29 Council Recommendation of 22 April 2013 on establishing a Youth Guarantee (2013/C 120/01).
30 Council Recommendation of 15 February 2016 on the integration of the long-term unemployed into the labour market (2016/C 67/01).
31 Council Recommendation of 19 December 2016 on Upskilling Pathways: New Opportunities for Adults (2016/C 484/01).
32 Principle 7(b) of the European Pillar of Social Rights provides that ‘[p]rior to any dismissal, workers have the right to be informed of the reasons and be granted a reasonable period of notice. They have the right to access to effective and impartial dispute resolution and, in case of unjustified dismissal, a right to redress, including adequate compensation’.
against dismissal for individual workers. National laws are best placed to take into account the specificities of diverse national protection systems, including fiscal considerations.
EU secondary legislation offers targeted measures protecting the most vulnerable workers against dismissal. This includes the protection of women against dismissal during pregnancy.
The Part-time Work Directive 33 , the Gender Equality Directive 34 and the Directive on Equal treatment between men and women engaged in an activity in a self-employed capacity 35 also
provide protection against dismissal and unfavourable treatment. The Directive on Transparent and predictable working conditions 36 ensures that workers have the right to be informed of the length of the notice period and prohibits dismissals on grounds of workers exercising their information rights. Also, the Work-Life Balance Directive 37 prohibits dismissal on grounds of having applied for paternity, parental or carers’ leave and flexible working arrangements.
The strong links with, and diversity between, national social protection systems and labour market institutions, and the need to respect diverse forms of national practices and social dialogue models are strong arguments to maintain unanimity voting in the Council in this area. Moreover, some of the recently adopted Directives, as referred above, will be implemented only after a transitional period, which makes it too early to assess their performance in this area. There seems to be no clear case at present for using the passerelle clause.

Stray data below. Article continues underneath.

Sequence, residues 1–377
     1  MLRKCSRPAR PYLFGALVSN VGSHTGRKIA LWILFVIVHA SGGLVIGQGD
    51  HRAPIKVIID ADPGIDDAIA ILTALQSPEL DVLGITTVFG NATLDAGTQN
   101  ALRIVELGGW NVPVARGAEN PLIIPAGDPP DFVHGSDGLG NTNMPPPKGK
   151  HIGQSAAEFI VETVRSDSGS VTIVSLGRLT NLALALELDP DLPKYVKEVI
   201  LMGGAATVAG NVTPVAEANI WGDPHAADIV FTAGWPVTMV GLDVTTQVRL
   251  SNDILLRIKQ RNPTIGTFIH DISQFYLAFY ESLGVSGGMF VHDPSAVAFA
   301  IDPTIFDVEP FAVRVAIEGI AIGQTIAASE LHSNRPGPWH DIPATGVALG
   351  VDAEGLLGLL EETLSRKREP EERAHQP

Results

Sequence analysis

e)Representation and collective defence of the interests of workers and employers
As regards the representation and collective defence of workers’ and employers’ interests, including co-determination, there are strong general principles resulting from the Charter of
Fundamental Rights of the EU and the European Pillar of Social Rights. 38 At the same time,
the EU’s powers in this area are quite strictly constrained by the Treaty, which specifically excludes measures on the right of association, the right to strike and the right to impose lock
33 Council Directive 97/81/EC i of 15 December 1997 concerning the Framework Agreement on part-time work concluded by UNICE, CEEP and the ETUC.
34 Directive 2006/54/EC i of the European Parliament and of the Council of 5 July 2006 on the implementation of the principle of equal opportunities and equal treatment of men and women in matters of employment and occupation (recast).
35 Directive 2010/41 i/EU of the European Parliament and of the Council of 7 July 2010 on the application of the principle of equal treatment between men and women engaged in an activity in a self-employed capacity and repealing Council Directive 86/613/EEC i.
38 Principle 8 of the European Pillar of Social Rights provides that “The social partners shall be consulted on the design and implementation of economic, employment and social policies according to national practices. They shall be encouraged to negotiate and conclude collective agreements in matters relevant to them, while respecting their autonomy and the right to collective action. Where appropriate, agreements concluded between the social partners shall be implemented at the level of the Union and its Member States. Workers or their representatives have the right to be informed and consulted in good time on matters relevant to them, in particular on the transfer, restructuring and merger of undertakings and on collective redundancies. Support for increased capacity of social partners to promote social dialogue shall be encouraged.”
outs. 39 Moreover there is no specific EU-level legislation regulating this matter in a comprehensive way. 40